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7. This, too, it says, even that no one passes away in the last millennium, other than those whom they smite with a scaffold weapon 1, and those who pass away from old age. 8. When fifty-three years of that millennium of his have remained, the sweetness and oiliness in milk and vegetables are so completed that, on account of the freedom of mankind from wanting meat, they shall leave off the eating of meat, and their food becomes milk and vegetables. 9. When three years have remained, they shall leave off even the drinking of milk, and their food and drink become water and vegetables.

10. And in his millennium are the breaking (lânakŏ) of the fetters of Dahâk 2, the rousing of Kerêsâspô 3 for the smiting of Dahâk, the arrival of Kai-Khûsrô 4 and his companions for the assistance of Sôshâns in the production of the renovation of the universe, and the provision of most of mankind with the Gâthic disposition and law; also the occurrence of many other wonders and marvels is manifest in that millennium of his.

11. And this, too, it says, namely: 'When that millennium has fully elapsed, which is the second of the religion of the Mazda-worshippers, what is the separation after the first century?' 12. And Aûharmazd spoke thus: 'The sun conceals itself.' 13. 'And what is the separation after the second,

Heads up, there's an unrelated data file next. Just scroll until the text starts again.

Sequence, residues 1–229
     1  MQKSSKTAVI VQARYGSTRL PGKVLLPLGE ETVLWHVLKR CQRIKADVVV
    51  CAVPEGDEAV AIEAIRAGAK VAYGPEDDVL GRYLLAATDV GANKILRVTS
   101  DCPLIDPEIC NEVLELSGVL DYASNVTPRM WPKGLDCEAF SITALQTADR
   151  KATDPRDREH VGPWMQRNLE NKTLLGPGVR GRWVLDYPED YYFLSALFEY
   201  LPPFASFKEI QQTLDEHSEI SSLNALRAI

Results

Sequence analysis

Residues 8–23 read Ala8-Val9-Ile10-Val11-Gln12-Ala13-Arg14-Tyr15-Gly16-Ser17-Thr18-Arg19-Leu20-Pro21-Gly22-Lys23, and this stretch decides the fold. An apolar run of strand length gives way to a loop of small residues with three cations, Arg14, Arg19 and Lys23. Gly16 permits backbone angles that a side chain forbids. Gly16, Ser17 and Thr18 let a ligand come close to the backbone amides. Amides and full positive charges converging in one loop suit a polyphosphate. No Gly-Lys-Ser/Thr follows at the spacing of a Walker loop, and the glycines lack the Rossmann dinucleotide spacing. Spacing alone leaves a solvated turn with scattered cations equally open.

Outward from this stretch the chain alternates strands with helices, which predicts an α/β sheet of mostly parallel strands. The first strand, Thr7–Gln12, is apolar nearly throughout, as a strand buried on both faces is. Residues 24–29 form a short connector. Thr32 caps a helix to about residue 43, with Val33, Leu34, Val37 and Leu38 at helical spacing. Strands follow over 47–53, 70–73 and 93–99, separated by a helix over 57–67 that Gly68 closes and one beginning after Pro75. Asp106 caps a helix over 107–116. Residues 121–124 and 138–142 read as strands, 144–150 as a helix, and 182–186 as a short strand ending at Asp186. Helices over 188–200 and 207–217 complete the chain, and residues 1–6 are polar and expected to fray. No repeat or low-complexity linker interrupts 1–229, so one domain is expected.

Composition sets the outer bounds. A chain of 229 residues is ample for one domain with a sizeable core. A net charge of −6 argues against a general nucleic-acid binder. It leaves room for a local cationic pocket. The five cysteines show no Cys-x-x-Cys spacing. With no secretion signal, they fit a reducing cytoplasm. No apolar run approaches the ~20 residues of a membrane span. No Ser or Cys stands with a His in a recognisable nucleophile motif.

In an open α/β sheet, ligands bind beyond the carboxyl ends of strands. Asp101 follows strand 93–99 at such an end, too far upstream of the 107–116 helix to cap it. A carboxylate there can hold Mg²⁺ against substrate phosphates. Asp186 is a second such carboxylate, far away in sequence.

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third, fourth, fifth, sixth, seventh, eighth, ninth, or tenth century?' 14. And Aûharmazd spoke thus: 'The sun conceals itself.'

15. And when thirty winters of the tenth century are unelapsed, that maiden, who is Gôbâk-abû 1, walks up to the water; she that is the mother of that testifying Sôshâns who is the guide to conveying away the opposition of the destroyer, and her former lineage is from Vôhû-rôkô-î Frahânyân 2 in the family of Îsadvâstar, the son of Zaratûst that is brought forth by Arang. 16. 'That maiden whose title is All-overpowerer is thus all-overpowering, because through giving birth she brings forth him who over-powers all, both the affliction owing to demons, and also that owing to mankind 3.' 17. Then she sits in that water, when she is fifteen years old, and it introduces into the girl him 'whose name is the Triumphant Benefiter, and his title is the Body-maker; such a benefiter as benefits (savînêdŏ) the whole embodied existence, and such a body-maker, alike possessing body and possessing life, as petitions about the disturbance of the embodied existences and mankind 4.' 18. Not before that has she associated with men; nor yet afterwards, when she becomes pregnant, has she done so before the time when she gives birth 5.